Early Lancaster in .50 cal

ltdann

Well-known member
Here's a my winter project. Took me 135 hours. Its an early Lancaster, circa 1770. Has a Rice swamped barrel with a 1:66 twist, Germanic golden age lock. The stock is extra curly northern maple, finished with ferric nitrate, heat blushed and then sealed and hand rubbed finish.

The wire inlay is .999 silver.

The barrel is rust finished, oil finished and sealed with linseed oil. Water just beads up and rolls off.
 

Attachments

ltdann

Well-known member
Normally they do, I chose not to install it. Alot of work for a little storage area that covers pretty wood

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inchr48

Moderator
Moderator
Nice work, ltdann!

Need a pic of it and you in your buckskins..............

Should shoot PRB's pretty nicely.
 

ltdann

Well-known member
So far so good, still working up a load though. My next build will be a walnut Jaeger rifle, much shorter.

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ltdann

Well-known member
Yep, chambers lock. I don't know anyone that makes their own barrels.

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ltdann

Well-known member
There's about a half dozen companies, all small, that offer a collection parts, that are consistent to particular style of rifles.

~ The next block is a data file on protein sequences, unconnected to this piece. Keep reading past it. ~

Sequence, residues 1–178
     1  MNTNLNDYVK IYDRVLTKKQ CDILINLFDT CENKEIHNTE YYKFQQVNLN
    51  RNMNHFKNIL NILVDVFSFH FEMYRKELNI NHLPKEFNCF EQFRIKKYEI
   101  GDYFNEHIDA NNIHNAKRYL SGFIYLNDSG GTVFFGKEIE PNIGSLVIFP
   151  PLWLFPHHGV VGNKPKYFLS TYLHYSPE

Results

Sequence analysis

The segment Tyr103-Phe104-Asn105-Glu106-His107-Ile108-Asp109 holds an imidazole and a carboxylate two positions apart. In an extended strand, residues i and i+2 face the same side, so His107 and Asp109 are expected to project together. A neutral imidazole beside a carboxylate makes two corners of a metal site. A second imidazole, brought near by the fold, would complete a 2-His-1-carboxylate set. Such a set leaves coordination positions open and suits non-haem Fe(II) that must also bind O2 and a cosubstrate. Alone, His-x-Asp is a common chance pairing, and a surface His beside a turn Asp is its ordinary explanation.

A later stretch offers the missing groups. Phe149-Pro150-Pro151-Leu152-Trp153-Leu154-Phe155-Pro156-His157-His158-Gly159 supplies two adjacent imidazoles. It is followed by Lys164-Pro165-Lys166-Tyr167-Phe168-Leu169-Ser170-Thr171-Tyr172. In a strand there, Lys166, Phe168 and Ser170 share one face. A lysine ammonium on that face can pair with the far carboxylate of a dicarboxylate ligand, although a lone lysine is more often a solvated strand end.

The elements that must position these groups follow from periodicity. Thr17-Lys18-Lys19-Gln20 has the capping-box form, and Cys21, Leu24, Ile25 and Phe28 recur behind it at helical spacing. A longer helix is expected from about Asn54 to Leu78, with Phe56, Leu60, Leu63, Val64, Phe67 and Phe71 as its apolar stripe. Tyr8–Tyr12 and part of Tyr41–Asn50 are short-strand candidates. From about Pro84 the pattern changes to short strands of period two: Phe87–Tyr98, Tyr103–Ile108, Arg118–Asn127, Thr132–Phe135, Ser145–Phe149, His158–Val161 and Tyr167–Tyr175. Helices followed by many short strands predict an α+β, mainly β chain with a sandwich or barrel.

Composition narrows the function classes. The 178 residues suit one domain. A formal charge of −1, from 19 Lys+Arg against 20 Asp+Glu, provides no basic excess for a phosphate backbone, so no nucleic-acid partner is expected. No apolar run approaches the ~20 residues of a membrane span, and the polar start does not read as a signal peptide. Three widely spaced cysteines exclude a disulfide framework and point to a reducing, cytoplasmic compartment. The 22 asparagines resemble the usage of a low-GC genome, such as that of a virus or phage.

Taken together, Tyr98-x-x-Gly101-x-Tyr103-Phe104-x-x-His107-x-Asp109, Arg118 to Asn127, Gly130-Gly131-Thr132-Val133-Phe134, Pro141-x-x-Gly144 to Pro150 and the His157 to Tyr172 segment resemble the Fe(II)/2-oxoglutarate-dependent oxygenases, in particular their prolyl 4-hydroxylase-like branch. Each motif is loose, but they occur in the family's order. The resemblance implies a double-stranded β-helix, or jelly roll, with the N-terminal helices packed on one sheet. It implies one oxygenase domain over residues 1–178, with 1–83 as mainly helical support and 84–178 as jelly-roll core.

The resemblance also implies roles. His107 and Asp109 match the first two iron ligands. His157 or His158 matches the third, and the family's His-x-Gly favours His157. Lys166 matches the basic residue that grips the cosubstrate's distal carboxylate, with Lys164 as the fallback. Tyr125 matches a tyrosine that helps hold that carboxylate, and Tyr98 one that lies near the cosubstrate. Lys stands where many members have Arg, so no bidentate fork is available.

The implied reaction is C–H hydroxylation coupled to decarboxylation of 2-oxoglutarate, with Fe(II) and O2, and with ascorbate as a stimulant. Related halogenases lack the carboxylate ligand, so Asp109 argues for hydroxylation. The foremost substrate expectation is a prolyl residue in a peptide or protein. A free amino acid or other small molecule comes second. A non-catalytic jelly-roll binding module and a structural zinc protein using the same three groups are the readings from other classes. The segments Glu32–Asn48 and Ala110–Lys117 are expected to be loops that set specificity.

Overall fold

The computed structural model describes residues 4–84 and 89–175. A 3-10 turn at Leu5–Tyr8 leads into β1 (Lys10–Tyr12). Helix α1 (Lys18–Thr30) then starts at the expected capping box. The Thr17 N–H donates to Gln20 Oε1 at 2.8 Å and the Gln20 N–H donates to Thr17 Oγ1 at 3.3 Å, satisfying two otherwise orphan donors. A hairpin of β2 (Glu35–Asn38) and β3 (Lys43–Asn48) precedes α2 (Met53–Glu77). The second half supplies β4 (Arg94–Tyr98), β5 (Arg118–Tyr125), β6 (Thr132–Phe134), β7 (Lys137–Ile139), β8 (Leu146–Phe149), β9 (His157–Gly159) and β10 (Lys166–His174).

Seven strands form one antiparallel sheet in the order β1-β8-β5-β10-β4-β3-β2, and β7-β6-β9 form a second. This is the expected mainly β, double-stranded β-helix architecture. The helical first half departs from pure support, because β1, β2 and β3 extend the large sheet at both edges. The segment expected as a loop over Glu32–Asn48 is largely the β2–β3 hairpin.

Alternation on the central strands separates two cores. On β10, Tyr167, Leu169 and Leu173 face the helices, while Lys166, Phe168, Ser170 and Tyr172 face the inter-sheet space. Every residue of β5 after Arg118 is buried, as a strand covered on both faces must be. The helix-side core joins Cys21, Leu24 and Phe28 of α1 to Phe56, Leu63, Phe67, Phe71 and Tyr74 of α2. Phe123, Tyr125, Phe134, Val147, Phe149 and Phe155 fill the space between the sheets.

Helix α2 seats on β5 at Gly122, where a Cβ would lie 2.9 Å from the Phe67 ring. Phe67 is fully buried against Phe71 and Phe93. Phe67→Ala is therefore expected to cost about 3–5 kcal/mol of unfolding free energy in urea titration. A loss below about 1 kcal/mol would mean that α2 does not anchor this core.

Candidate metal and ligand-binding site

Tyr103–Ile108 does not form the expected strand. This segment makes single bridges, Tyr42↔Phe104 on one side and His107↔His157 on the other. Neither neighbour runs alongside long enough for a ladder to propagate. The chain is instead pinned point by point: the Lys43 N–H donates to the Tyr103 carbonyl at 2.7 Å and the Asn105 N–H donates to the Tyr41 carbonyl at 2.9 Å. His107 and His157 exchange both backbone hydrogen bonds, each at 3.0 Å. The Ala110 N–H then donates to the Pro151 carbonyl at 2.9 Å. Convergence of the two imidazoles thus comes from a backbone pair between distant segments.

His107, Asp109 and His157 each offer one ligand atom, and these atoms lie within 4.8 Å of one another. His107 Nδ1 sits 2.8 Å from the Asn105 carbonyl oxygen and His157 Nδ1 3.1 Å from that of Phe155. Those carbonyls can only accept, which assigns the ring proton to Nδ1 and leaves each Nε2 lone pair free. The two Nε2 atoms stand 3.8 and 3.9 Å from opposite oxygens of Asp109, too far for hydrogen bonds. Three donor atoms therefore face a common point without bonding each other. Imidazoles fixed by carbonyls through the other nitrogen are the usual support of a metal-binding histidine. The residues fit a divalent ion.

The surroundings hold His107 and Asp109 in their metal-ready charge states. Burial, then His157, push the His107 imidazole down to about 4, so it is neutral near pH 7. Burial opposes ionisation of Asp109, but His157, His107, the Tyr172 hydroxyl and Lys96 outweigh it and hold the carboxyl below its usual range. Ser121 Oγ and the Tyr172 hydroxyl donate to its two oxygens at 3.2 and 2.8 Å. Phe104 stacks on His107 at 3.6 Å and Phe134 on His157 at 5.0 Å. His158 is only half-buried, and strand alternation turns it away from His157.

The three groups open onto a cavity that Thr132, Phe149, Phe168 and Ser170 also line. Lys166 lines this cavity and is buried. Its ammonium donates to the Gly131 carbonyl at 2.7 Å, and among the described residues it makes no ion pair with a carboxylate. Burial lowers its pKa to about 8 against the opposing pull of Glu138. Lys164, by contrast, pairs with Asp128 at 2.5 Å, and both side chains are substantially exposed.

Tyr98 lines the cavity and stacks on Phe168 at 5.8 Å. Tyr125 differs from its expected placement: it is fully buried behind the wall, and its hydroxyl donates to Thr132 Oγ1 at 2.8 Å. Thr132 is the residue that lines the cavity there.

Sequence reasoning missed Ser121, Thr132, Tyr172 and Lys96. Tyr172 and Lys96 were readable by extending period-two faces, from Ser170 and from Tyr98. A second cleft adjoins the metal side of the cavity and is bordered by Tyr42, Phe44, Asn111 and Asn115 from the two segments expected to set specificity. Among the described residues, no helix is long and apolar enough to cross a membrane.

I won't say they are kits, like traditions.

Kits imply that you can snap them together in a weekend and go shooting. These are not like that.

R.E. Davis, Track of the Wolf, Jim Chambers, Muzzle loader building supply, Jim Kibler rifles, etc are a few.

Their collection of parts offers a starting point (a particular style) so that you build your own unique variation.

They ain't cheap either. That Lancaster set me back around $1000 in parts, but it's the real deal, not some cheap imported POS that may or may not shoot.

Expect to wait for parts. I waited 4 months for the stock. A year to gather everything isn't unheard off. Helps spread the cost.

No special tools are needed, hand tools are way to go. If you make a mistake with power tools, it'll ruin the build

A good set of files, small wood chisels, sand paper, ruler and pencil etc.

The first thing I bought was https://www.trackofthewolf.com/Categories/PartDetail.aspx/321/1/BOOK-ABPL Art of Building the Pennsylvania Longrifle.

Do the research, select a style, stay close to the style, be patient and know when to walk away and think.

That's my first rifle build. If you have ever changed your own brakes, you can build one of those.
 

BelchFire

I speak fluent Vise-Grip
Admin
That's a beautiful work of art, Ltdann. I'd love to think I had the time, patience and skill to do that. I'm with inchr; waiting on a picture of you and those buckskins letting one fly from the flintlock. ;)
 

ltdann

Well-known member
Hey, it's my first one! It's not like it was super hard. There are plenty of mistakes on it, all of which I learned from. Using mostly hand tools allows you to slow down and think it through.

The silver work does require practice. I did the same designs on practice maple using brass and got the tooling and techniques down before I committed to the stock.

A couple of weekends, an hour on weekdays, viola!

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